However the core problem with the tax and subsidise model of pricing carbon is a moral one. When carbon is taxed, everybody’s prices go up equally. This means that the prices that must be paid by the poor and the middle rise more relative to income than for the rich. A carbon price that is a barely noticed inconvenience for the rich can create misery for the poor. Similarly, because rich people tend to use much more energy than poor people, subsidising energy is essentially a subsidy for the rich. A good example of this injustice can be seen in present carbon pricing in my own country, Ireland, where fuel for heating and transportation is taxed at €20 per ton. Ireland also offers a subsidy of up to €5,000 to encourage people to switch to electric cars. In practice this means that poor people struggling to stay warm are taxed so that the expensive new cars of rich people can be subsidised.

Leaving aside the centralisation of power, the high administrative cost and the potential for abuse, the tax and subsidise model of pricing carbon ultimately means that the necessities of the poor are taxed to subsidise the luxuries of the rich. This is not only deeply unfair, immoral and unjust, but it is politically impossible at the scale necessary. It might work at €20 per ton, but it won’t work at €50 per ton, or €100 per ton or more. Electorates will not accept it.

1.4.2 Cap and Trade doesn’t work.

Another way to increase the price of carbon and thus discourage its use is emissions trading, also known as cap and trade. In this model the government issues, sells or auctions pollution permits to big polluters, gradually reducing the number of permits available. These permits can be bought and sold, giving big polluters flexibility and incentivising them to reduce their pollution. Emissions trading can also involve offsets, i.e. carbon credits for activities (like planting trees) that take carbon out of the atmosphere. This system is implemented in several jurisdictions around the world, notably in the EU.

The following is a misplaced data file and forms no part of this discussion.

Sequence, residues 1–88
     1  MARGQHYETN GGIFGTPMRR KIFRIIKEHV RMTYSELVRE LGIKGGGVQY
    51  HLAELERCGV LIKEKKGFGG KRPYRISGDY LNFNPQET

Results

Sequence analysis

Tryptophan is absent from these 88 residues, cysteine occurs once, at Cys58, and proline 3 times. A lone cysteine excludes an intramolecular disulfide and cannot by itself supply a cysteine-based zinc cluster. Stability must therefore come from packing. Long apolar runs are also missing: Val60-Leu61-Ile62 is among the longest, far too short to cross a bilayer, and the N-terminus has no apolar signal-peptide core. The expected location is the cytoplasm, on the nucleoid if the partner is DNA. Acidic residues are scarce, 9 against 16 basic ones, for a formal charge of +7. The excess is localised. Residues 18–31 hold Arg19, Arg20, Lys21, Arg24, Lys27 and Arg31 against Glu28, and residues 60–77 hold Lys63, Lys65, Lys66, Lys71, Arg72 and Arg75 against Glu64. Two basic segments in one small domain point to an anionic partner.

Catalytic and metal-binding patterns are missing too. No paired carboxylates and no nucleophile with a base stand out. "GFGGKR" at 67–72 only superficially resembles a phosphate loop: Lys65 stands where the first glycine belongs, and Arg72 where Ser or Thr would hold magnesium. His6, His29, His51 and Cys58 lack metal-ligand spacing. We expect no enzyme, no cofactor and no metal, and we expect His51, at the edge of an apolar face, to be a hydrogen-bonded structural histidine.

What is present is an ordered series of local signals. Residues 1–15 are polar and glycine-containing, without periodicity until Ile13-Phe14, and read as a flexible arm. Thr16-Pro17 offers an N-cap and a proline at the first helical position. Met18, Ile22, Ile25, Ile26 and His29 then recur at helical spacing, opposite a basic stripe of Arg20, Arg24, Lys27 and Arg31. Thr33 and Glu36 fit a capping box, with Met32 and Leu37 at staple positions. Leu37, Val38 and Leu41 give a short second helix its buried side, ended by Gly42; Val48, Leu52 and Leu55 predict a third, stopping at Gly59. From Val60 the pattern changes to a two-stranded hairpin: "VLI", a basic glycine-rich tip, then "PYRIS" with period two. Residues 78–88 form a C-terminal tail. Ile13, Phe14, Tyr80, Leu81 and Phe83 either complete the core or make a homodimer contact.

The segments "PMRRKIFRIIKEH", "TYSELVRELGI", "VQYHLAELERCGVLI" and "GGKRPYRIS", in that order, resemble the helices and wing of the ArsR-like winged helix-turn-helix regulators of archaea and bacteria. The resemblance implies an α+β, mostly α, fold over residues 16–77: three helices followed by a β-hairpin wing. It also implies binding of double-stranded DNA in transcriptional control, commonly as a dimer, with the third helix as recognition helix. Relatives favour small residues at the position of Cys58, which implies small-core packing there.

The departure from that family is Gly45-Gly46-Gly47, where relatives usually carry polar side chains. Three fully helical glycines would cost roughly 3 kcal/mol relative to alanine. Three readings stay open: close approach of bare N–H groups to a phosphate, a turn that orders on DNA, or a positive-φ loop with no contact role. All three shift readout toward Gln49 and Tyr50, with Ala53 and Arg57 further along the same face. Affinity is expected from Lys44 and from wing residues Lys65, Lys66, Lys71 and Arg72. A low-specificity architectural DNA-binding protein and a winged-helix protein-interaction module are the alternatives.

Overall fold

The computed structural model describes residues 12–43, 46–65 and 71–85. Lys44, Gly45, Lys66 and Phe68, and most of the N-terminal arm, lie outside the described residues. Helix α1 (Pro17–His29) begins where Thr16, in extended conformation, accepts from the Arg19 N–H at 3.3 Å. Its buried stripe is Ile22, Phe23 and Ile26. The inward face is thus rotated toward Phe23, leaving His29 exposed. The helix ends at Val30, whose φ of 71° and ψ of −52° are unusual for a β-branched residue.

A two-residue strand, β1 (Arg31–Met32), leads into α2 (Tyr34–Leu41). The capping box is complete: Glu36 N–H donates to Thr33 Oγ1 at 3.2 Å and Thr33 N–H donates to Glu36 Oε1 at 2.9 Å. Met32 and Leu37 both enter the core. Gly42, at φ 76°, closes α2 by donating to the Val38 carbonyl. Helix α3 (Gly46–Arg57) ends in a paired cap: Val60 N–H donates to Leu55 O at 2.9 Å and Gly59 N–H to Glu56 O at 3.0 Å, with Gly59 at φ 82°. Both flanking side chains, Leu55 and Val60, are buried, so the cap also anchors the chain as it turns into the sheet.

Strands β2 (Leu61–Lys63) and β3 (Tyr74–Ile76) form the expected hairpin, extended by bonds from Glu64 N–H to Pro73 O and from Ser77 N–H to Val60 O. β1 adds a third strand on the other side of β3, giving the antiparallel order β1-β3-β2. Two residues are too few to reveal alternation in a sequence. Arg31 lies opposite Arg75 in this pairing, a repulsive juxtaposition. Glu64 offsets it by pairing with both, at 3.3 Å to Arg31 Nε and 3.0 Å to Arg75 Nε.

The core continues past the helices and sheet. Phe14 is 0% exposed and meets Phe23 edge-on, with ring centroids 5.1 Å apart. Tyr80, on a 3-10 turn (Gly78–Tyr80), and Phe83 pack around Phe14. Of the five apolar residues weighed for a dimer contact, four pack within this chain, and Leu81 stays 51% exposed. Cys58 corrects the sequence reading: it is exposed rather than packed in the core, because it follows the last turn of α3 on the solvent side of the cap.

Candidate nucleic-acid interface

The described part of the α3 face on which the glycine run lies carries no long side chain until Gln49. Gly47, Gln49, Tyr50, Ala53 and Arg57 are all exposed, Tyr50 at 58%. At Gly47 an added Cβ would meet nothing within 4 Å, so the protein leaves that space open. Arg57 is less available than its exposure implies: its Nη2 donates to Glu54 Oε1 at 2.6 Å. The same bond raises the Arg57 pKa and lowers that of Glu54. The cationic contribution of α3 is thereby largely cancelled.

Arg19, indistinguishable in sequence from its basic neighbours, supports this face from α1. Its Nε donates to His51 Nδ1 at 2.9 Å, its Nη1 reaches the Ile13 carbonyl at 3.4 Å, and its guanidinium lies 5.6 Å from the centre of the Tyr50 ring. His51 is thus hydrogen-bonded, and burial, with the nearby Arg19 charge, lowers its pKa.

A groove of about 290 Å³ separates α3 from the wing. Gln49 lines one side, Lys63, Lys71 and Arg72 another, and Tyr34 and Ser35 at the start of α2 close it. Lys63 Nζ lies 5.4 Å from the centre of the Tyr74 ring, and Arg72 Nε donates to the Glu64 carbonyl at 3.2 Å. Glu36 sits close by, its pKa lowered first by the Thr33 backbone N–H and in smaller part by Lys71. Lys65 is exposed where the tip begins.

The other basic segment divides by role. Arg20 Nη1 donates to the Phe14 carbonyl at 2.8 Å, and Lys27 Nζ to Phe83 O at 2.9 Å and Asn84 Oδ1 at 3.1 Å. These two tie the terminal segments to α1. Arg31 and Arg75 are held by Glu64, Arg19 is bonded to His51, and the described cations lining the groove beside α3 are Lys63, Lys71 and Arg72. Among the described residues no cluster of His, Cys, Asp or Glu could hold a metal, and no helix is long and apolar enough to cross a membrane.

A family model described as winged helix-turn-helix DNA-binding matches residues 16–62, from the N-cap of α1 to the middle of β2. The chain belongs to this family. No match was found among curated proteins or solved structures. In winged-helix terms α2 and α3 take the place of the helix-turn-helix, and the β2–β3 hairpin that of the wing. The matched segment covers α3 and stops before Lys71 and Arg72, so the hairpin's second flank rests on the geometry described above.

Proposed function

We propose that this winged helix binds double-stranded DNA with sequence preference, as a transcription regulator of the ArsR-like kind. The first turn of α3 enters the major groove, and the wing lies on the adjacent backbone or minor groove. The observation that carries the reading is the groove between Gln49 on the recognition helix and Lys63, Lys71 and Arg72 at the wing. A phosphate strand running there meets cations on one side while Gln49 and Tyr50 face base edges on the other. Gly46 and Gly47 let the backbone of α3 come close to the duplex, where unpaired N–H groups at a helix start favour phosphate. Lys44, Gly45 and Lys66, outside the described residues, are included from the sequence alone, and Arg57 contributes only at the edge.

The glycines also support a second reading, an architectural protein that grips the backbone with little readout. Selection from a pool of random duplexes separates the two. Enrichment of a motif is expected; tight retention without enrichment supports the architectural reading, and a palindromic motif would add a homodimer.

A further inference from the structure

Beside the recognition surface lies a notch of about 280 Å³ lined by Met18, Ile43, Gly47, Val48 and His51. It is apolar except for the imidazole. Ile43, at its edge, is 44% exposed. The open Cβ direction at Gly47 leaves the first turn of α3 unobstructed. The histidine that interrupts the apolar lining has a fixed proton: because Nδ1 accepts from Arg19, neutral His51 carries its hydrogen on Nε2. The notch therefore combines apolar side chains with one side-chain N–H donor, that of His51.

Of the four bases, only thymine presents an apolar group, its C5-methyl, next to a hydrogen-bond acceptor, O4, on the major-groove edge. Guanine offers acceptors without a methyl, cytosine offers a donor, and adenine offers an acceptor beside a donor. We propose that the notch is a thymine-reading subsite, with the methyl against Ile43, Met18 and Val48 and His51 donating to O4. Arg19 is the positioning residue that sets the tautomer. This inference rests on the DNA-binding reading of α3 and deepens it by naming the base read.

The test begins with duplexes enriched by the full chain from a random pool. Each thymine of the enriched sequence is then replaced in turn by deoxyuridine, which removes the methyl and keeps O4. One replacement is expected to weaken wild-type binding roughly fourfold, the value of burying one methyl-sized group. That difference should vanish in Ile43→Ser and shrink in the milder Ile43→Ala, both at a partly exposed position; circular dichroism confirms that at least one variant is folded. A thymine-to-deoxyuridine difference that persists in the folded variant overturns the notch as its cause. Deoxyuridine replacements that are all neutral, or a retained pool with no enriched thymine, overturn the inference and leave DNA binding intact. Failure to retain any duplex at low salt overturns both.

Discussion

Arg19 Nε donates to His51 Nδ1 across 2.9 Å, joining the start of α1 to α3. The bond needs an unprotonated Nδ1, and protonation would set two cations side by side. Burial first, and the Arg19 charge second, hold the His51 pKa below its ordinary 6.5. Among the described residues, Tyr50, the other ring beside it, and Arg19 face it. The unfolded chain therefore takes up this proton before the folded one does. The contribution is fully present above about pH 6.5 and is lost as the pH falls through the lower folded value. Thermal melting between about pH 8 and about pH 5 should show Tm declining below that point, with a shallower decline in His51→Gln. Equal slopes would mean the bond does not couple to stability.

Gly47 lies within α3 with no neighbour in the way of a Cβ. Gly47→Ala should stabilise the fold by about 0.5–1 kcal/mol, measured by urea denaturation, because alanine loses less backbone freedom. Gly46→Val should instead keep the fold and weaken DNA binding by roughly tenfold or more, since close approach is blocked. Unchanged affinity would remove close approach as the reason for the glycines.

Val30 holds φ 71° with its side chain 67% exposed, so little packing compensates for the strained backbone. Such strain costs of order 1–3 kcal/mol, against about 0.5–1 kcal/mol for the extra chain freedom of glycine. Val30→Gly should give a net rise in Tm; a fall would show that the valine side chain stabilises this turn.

Cap and trade was extremely successful in reducing the CFCs behind ozone depletion and the nitrogen oxides (NOx) and sulfur dioxide (SO2) behind acid rain, but it has been far less successful in reducing CO2 emissions. The reason is that CFCs, NOx and SO2 were relatively minor pollutants used in relatively few industrial processes and relatively insignificant in terms of their importance to our modern economy, society and life. Carbon, on the other hand, is energy itself and is embedded in almost every aspect of our modern world. Put another way, if CFCs, NOx and SO2 are comparable to products in a marketplace, carbon is comparable to money itself. The market rules of carbon are thus very different.

There are many practical problems with cap and trade. If polluters receive their pollution permits for free they may not cut their emissions (because if they do they will get fewer permits in the future). On the other hand, if pollution permits are sold or auctioned we have the moral and thus political problems encountered with the tax and subsidise model. Carbon cap and trade is highly complex and the carbon markets that result from it encourage speculation and thus price volatility. Some of the biggest polluters make the most money from this system, and many of the offsets are little more than hot air. Trading schemes such as the EU’s Emissions Trading Scheme (ETS) have been beset by perverse incentives, profiteering and even criminality.

Most importantly, however, is that carbon cap and trade does not work at the scale necessary to reduce our carbon emissions enough to avoid catastrophe. As I write this, carbon pollution permits are trading within the ETS at just over €14 per ton. This is nowhere near sufficient to alter behaviour to the extent necessary. Pope Francis had this to say about cap and trade emissions trading: “This system seems to provide a quick and easy solution under the guise of a certain commitment to the environment, but in no way does it allow for the radical change which present circumstances require. Rather, it may simply become a ploy which permits maintaining the excessive consumption of some countries and sectors.” Essentially he is saying that it is an attempt to hide inaction behind the veil of complexity.